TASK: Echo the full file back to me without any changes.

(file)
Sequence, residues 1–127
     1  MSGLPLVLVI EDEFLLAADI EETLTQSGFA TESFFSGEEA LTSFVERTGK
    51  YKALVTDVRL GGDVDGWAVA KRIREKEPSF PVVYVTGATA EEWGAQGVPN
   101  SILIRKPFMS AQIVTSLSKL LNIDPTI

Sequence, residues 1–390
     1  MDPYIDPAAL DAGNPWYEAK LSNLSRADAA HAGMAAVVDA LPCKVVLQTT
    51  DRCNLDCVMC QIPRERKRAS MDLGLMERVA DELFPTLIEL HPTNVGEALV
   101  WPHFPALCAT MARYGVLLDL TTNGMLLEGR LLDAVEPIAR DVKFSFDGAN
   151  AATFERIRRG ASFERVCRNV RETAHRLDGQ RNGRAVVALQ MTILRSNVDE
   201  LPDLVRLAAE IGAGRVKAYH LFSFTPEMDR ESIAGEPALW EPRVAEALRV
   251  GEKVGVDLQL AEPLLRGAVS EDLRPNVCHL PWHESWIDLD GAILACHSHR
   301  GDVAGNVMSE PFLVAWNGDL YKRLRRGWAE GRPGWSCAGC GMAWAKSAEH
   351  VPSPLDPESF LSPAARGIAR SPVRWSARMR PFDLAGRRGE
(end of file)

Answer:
Sequence, residues 1–127
     1  MSGLPLVLVI EDEFLLAADI EETLTQSGFA TESFFSGEEA LTSFVERTGK
    51  YKALVTDVRL GGDVDGWAVA KRIREKEPSF PVVYVTGATA EEWGAQGVPN
   101  SILIRKPFMS AQIVTSLSKL LNIDPTI

Sequence, residues 1–390
     1  MDPYIDPAAL DAGNPWYEAK LSNLSRADAA HAGMAAVVDA LPCKVVLQTT
    51  DRCNLDCVMC QIPRERKRAS MDLGLMERVA DELFPTLIEL HPTNVGEALV
   101  WPHFPALCAT MARYGVLLDL TTNGMLLEGR LLDAVEPIAR DVKFSFDGAN
   151  AATFERIRRG ASFERVCRNV RETAHRLDGQ RNGRAVVALQ MTILRSNVDE
   201  LPDLVRLAAE IGAGRVKAYH LFSFTPEMDR ESIAGEPALW EPRVAEALRV
   251  GEKVGVDLQL AEPLLRGAVS EDLRPNVCHL PWHESWIDLD GAILACHSHR
   301  GDVAGNVMSE PFLVAWNGDL YKRLRRGWAE GRPGWSCAGC GMAWAKSAEH
   351  VPSPLDPESF LSPAARGIAR SPVRWSARMR PFDLAGRRGE